The point here is not to spotlight any evilness of an individual person or firm, but the economic mandates of global production and competition under capitalism. Pakistan has one of the largest labor resources in the world, being the 10th largest country in terms of available human workforce, offering the “continuous flow of penniless job seekers” that Fröbel et al (1978: 845) point to as one of the features of the new geographies of capitalist production.
The conditions under which Pakistan’s blue-collar labor works have often been raised by trade unions and workers’ rights organizations. Industrialists in Pakistan, eager to bring in business for their firms and to beat competition from other countries as well as other local garment producers are likely to offer very low rates for garment production to their foreign clients, which have the effect of very low pay for garment work coupled with long and demanding hours on the job and unsafe and onerous working conditions. Global demand directly affects the volume of orders and urgency with which these are required – both of which put a toll on workers, who are relatively fixed over short periods of time, so the entirety of orders have to be completed often by working even longer hours than usual. If standards of living were higher in Pakistan, it would not be one of the ‘winners’ in the race to the bottom, and it not would be a destination for garment retailers to dump their production process at. If people were better off than they are right now, they wouldn’t be desperate to earn the little money under exploitative conditions that they are currently agreeing to by doing garment work at the going rates.
The incident was highly publicized in the local media and by civil society bodies. The Chief Justice of the Sindh (provincial) High Court took suo moto* notice of the incident. The provincial Minister for Industry and Commerce announced his resignation. The Commissioner of Karachi ordered the police to lodge a first information report against the factory owner, and their names were placed on the Exit Control List so they wouldn’t be able to flee the country until proceedings were completed. The government and top politicians took notice of the incident and responded by announcing monetary relief packages for affected families of workers who perished and those who were injured. However, a news report from one year after the incident stated that none of the bereaved had received any payments to date due to bureaucratic hurdles. The judicial tribunal probing the incident was highly critical of the factory owners and government, which failed to enforce the law. It also criticized the police’s forensic department for failing to conduct a scientific investigation. Since the fire, which raged for so long that half the building collapsed, the factory has effectively shut down. The owners, however, were granted bail for a paltry sum, even though they were charged with premeditated murder of the victims.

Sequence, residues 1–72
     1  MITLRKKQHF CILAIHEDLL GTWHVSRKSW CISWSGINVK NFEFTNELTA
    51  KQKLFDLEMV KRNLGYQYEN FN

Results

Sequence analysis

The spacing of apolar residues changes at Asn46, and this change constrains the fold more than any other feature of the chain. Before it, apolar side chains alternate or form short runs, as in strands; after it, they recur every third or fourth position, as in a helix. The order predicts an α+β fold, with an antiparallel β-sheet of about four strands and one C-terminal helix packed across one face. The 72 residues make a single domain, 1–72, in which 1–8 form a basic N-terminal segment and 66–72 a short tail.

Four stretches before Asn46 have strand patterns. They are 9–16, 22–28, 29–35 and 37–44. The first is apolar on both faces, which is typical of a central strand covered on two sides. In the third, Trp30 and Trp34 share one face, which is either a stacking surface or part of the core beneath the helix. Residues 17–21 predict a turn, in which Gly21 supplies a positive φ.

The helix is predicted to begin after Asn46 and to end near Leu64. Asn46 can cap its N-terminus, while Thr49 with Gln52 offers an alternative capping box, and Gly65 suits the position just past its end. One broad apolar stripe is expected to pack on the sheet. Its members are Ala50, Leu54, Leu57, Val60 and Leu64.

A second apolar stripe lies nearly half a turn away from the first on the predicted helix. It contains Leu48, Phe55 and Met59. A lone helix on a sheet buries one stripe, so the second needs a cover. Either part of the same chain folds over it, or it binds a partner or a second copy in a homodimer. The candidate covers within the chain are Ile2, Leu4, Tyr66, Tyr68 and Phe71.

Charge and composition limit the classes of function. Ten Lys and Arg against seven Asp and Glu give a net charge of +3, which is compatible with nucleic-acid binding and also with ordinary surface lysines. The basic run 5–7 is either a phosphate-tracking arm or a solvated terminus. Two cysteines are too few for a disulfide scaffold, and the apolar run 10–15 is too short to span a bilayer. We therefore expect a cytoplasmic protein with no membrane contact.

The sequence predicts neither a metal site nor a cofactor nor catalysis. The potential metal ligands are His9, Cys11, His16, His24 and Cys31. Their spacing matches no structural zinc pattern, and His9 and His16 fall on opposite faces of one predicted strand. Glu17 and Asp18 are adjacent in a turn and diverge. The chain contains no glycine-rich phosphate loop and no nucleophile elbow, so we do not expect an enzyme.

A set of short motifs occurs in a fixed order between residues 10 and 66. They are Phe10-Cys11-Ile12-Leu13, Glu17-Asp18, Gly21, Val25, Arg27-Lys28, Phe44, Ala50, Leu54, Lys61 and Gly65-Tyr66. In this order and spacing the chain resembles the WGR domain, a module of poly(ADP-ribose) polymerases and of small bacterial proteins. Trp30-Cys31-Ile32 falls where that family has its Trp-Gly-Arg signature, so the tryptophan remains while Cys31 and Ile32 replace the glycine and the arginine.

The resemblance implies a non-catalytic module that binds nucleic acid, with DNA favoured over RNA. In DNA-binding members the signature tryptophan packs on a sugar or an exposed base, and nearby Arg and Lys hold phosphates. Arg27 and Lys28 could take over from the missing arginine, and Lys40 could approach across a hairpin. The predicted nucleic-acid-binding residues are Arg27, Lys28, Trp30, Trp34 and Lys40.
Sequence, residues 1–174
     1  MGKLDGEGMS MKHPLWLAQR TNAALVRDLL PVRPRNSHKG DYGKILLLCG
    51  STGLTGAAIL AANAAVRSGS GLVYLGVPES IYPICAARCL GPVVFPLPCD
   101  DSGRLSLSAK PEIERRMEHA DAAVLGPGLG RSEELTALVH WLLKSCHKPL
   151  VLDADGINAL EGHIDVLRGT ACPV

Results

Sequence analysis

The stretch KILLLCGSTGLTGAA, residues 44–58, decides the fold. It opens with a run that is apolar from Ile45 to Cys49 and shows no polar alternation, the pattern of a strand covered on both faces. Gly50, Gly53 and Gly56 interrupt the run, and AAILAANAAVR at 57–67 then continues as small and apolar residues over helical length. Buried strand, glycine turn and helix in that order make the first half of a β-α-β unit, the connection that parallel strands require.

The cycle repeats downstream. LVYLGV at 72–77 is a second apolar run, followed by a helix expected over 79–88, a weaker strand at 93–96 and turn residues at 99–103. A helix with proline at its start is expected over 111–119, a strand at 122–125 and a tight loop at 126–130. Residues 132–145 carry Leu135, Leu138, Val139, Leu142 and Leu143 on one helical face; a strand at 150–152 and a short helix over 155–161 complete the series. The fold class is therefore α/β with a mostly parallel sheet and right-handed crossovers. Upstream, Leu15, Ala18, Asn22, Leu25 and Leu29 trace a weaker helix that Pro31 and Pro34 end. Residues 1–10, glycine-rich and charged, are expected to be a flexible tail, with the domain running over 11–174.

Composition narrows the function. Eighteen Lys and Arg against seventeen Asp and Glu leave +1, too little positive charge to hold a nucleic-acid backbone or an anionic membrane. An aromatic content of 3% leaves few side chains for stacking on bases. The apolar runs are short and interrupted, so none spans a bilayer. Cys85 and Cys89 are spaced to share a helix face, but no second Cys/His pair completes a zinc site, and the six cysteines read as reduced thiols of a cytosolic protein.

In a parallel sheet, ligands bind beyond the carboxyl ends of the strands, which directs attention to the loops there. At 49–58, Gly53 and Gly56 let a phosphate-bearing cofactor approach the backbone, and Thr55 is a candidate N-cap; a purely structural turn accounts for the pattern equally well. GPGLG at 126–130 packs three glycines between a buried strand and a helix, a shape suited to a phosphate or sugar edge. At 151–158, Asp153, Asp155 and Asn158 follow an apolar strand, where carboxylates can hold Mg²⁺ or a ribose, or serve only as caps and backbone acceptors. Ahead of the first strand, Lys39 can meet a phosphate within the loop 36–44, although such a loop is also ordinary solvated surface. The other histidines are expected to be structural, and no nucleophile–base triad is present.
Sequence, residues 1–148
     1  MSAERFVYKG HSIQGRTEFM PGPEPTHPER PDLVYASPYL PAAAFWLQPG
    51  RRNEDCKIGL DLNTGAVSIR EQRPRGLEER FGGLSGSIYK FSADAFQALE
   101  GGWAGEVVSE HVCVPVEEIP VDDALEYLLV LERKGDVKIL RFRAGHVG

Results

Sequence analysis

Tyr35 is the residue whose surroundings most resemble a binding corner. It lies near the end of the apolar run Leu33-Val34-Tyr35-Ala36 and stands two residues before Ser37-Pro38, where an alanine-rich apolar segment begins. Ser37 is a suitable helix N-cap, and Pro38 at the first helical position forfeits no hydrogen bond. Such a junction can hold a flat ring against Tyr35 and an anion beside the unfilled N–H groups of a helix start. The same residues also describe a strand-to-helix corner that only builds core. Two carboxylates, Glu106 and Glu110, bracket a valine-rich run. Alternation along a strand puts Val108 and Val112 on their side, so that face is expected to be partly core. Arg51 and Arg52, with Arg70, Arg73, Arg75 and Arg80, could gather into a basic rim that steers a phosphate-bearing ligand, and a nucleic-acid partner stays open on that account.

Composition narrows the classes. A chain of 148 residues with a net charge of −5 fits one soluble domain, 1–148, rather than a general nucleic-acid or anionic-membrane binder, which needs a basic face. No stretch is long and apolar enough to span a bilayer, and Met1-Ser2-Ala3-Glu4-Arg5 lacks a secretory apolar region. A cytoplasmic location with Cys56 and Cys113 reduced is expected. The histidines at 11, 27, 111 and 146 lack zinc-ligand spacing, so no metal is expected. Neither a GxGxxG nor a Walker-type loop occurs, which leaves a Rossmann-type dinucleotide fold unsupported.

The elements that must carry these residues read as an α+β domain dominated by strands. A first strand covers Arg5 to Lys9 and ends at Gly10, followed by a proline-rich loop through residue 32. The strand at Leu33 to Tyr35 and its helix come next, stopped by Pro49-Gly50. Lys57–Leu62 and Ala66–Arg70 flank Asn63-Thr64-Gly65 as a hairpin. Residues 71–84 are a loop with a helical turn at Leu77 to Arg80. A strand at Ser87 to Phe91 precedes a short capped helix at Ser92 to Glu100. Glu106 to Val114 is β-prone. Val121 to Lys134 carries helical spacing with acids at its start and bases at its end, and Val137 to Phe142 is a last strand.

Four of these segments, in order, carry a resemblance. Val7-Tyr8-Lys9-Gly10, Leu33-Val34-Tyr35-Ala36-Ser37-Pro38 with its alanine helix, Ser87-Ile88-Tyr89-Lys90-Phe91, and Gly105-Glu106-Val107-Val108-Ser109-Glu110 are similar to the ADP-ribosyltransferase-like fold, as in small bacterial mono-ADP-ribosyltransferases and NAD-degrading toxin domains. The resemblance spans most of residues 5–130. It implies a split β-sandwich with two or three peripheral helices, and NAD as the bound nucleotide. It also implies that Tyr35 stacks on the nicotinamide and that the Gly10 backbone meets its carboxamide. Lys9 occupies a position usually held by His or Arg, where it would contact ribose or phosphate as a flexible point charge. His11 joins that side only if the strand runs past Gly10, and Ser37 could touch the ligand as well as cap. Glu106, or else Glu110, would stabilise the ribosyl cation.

While local authorities took action, the factory fire was singled out as a particularly unfortunate case, and in my view, not enough pressure was placed on policymakers to take preemptive steps to ensure avoidance of such disasters in the future. Interestingly, no one addressed the low wages and exploitative conditions of garment work – the only focus was on completing safety checks according to regulation. Even on this front, no policy steps were announced to allow for strengthening of compliance to occupational safety and health regulations for factory workers. The incident also failed to generate a movement within the working class and their supporters demanding better working conditions at garment factories.
For the sake of economic growth, policy makers in Pakistan, as in much of the global South, are willing to overlook the dire circumstances that people live and work through every day. In a populous country such as Pakistan, life is cheap, and is disposable for profit.
* A Latin term, literally meaning "on its own motion". Pakistan's constitution affords a provision whereby superior courts can hear cases of their own initiative, without a party bringing a petition to court.
Zahra Khalid is a graduate student in city planning at UC Berkeley. Her research interests include peripheral urbanization and securitization in War on Terror geographies.